Decoding the past for a brighter future
About the cover
The people of Alakanuk knew a spirit of suicide and alcohol and drug abuse walked about
freely, scenting the air with its rancid nature. It had just claimed two more victims; unsatisfied,
it was looking for more. Sheltered inside the small Yukon River community’s tribal hall, elders,
youth and parents huddled together in a circle. Some hunched down, faces void of tears, tense
bodies pressed against unyielding metal chairs. Others let tears quietly slide down their cheeks.
The two recent deaths were the newest heartaches in a long line of many.
The group knew too well the spirit’s easy reach into their community. They’ve carried many
to the cemetery, dug many graves. Some knew intimately how alcohol or drugs seemed to dull
the pain but deceitfully brought more tragedy and sorrow. From time to time, outsiders had come
to the village to help deal with the spirit’s long reign, but nothing they brought seemed to last.
But in spite of disappointments and heartbreak, the people gathered this day because they still
believed things could change. This time the solutions and answers would come from their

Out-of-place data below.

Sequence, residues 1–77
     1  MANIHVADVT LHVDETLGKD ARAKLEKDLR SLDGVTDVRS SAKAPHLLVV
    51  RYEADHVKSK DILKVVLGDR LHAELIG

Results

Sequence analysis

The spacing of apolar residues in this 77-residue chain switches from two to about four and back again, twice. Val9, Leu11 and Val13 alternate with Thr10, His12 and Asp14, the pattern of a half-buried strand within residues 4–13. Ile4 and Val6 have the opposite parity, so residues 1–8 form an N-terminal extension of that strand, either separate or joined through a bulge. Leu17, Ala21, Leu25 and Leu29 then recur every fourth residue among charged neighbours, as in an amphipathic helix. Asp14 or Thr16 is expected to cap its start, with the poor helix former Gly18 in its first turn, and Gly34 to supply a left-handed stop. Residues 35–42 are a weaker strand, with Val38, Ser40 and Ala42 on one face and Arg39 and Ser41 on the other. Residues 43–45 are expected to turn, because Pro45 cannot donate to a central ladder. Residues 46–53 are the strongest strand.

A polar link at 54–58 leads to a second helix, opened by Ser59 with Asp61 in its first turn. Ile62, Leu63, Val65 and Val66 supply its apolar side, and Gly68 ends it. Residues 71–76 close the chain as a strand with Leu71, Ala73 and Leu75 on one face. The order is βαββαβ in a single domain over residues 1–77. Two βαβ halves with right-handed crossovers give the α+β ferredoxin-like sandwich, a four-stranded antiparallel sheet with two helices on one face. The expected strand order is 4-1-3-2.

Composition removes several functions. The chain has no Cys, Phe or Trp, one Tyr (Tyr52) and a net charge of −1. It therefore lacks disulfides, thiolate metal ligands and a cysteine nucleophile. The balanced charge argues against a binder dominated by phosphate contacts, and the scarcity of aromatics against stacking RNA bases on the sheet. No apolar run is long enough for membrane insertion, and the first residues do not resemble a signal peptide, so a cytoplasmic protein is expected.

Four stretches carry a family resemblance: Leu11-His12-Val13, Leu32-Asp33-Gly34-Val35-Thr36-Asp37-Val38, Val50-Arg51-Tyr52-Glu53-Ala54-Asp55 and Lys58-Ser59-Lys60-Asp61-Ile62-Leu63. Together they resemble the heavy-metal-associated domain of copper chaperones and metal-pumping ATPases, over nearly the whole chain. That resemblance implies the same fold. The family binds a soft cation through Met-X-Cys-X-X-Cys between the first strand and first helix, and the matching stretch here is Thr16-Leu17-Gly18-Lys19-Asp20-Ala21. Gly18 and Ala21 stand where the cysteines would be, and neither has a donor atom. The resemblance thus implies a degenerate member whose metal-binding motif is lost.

community, from themselves.
“We had to do something,” recalled Josephine Edmund, mother of three, who sat in the circle that winter day. “We had to help our children.”
The gathering that day was part of the Center for Alaska Native Health Research’s Elluam Tungiinun program, funded by the National Institutes of Health. This research project is testing to see if the values that Alaska Natives have said helped keep them sober and alive could be taught to Alaska Native young people, their families and their communities.
Alakanuk was one of the first Alaska Native communities to sign up to be in the research program and the only one that agreed to go public about their involvement.
“Elluam Tungiinun means ‘toward wellness’ in Yup’ik, a name Alakanuk chose for themselves,” said Jim Allen, who is the project co-principal investigator and a UAF psychology professor. “The community insisted the focus be positive and strength-based. They had ownership. They designed the cultural activities. They planned it. They ran it.”
The community Allen describes was not the one Sheila Toomey found in 1987, when as a reporter working for the Anchorage Daily News she went to Alakanuk to write a story about eight suicides that happened in less than a year and a half.
“In a community of 550, eight suicides is the equivalent of more than 3,000 in Anchorage,” Toomey wrote. “In a community of 550, every name on the roll of the dead is someone you know …”
Toomey’s story was part of ADN‘s “People in Peril,” a series about how Western influence devastated Alaska Native culture, leaving its people in the turmoil of alcoholism, brokenness and suicide.